Thursday, June 18, 2009

"Civil war at the very top of the Islamic Republic"

Excellent Pepe Escobar piece from Asia Times Online presenting the Tehran Spring (evocative phrase) as more or less fueled by a civil war within the Iranian elite.

This is emerging as a no-holds-barred civil war at the very top of the Islamic Republic. The undisputed elite is now supposed to be embodied by the Ahmadinejad faction, the IRGC, the intelligence apparatus, the Ministry of the Interior, the Basij volunteer militias, and most of all the Supreme Leader himself.

The elite wants subdued, muzzled, if not destroyed, reformists of all strands: any relatively moderate cleric; the late 1970s clerical/technocratic Revolution Old Guard (which includes Ayatollah Hashemi Rafsanjani, Mohammad Khatami and Mousavi); "globalized" students; urban, educated women; and the urban intelligentsia.

Even fighting a cascade of political and economic setbacks, for the past three decades the regime has always been proud of the Islamic Republic's brand of popular democracy, and its alleged legitimacy. Now the revolution enters completely uncharted territory as thousands of people have taken to the streets in protest against the result.

Think Chile in 1973, or Iran in 1953.

Read the whole thing. It's much more informative than anything US commentators are spewing. But, in contrast to other things I've read, it now looks indisputable that, whoever won, it was a highly shady election:

The official breakdown of the vote had Ahmadinejad taking Tehran by over 50%. He may be popular in the rural provinces and in parts of working-class south Tehran, but not even "divine assessment" could be expected to give him more than 30% in the capital.

Ahmadinejad won in the big city of Tabriz. Tabriz is in Azerbaijan. Mousavi is Azeri. Azeris are an ultra-tight ethnic group, they vote for one of their own. The notion that Mousavi was beaten, four to one, in his home ground borders on fiction.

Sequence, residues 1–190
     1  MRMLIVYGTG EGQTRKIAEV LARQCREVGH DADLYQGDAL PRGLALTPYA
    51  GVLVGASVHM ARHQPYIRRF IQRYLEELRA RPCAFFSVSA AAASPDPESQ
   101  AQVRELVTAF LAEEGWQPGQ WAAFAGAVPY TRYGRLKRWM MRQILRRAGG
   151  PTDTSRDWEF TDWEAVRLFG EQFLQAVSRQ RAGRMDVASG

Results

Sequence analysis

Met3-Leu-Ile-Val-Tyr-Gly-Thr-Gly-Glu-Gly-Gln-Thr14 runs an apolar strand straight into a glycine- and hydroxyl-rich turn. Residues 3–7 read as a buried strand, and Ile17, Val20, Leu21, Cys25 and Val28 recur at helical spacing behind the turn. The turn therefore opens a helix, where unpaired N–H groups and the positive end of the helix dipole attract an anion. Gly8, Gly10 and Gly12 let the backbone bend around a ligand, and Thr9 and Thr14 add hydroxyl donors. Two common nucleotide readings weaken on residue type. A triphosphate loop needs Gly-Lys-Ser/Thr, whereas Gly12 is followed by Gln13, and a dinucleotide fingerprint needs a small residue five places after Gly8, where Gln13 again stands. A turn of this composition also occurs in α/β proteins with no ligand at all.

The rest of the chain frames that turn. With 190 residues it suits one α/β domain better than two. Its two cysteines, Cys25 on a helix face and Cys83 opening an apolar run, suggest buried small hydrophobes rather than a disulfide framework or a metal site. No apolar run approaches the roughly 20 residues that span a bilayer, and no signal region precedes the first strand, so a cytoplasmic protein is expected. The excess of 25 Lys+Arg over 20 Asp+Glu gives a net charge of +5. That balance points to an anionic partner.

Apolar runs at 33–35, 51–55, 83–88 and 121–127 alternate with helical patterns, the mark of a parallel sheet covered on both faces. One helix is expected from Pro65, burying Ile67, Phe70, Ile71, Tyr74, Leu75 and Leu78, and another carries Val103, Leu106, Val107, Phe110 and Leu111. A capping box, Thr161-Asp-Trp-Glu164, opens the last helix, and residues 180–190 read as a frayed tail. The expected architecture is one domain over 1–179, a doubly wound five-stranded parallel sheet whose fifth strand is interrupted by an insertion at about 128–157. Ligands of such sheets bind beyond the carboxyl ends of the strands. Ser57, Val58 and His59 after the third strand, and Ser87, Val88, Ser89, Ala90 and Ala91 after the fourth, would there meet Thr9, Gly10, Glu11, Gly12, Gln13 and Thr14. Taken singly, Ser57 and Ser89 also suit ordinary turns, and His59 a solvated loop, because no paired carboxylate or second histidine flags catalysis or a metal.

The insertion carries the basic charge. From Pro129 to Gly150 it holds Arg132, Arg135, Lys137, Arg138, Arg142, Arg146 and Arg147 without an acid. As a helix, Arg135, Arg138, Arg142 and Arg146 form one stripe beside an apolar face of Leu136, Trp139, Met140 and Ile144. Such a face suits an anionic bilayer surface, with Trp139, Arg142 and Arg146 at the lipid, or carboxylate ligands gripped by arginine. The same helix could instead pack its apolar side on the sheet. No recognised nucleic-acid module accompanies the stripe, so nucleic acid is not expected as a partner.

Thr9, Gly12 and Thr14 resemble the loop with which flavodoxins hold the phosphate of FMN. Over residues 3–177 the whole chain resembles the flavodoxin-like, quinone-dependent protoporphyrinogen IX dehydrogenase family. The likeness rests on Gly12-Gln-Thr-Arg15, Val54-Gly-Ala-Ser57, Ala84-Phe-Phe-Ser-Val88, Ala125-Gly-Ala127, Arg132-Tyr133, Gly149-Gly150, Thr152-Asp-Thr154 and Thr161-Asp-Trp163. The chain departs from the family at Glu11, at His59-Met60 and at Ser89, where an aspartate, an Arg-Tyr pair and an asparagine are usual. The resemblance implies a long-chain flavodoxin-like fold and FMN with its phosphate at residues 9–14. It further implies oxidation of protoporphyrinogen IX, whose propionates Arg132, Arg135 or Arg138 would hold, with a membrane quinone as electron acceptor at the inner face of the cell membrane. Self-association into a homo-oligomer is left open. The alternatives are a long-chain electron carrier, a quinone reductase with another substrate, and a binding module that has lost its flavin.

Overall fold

"Landslide" apart, a true Ahmadinejad victory would not be implausible. He could have reasonably scored something like 48%, for instance, ahead of Mousavi, and both would square off in a second round of voting. Ahmadinejad visited every Iranian province at least twice in these past four years. Deep, rural Iran has nothing to do with upscale north Tehran.


Ahmadinejad turned the election into a referendum on the whole idea of the Islamic revolution. He literally enveloped himself in the flag - a crowd pleaser in a very religious and nationalistic country.

Mousavi had the urban youth vote, the urban, educated female vote, the intelligentsia vote, the upper middle class, globalized vote, and even the bazaar vote. But that was not enough. In the showdown between SMS and Facebook and the poor, rural and working-class masses - many of whom have a lot of empathy with the pious son of a blacksmith - it's fair to assume he could be the winner. But not in a landslide. Khatami had a real landslide in 2001, when he got no less than 78% of the vote (after 70% in 1997). The notion that an over 70% reformist impulse has been transformed over these past few years into a 62% ultra-right wing fervor is questionable

It's so refreshing to read a piece rooted in the actual realities of the country and the election. Amazing what seeking knowledge and refraining from hysterical moralizing will do.

To somewhat summarize: What's happening in Tehran is not an example of an already monolithic regime tightening its grip; rather it's an example of a right-wing military coup in a quasi-democratic system, solidifying the power of the most authoritarian element in a hardly-uniform government.

This has nothing to do with the US-supported color-coded revolutions in Eurasia. This is about Iran. An election was stolen in the United States in 2000 and Americans didn't do a thing about it. Iranians are willing to die to have their votes counted.

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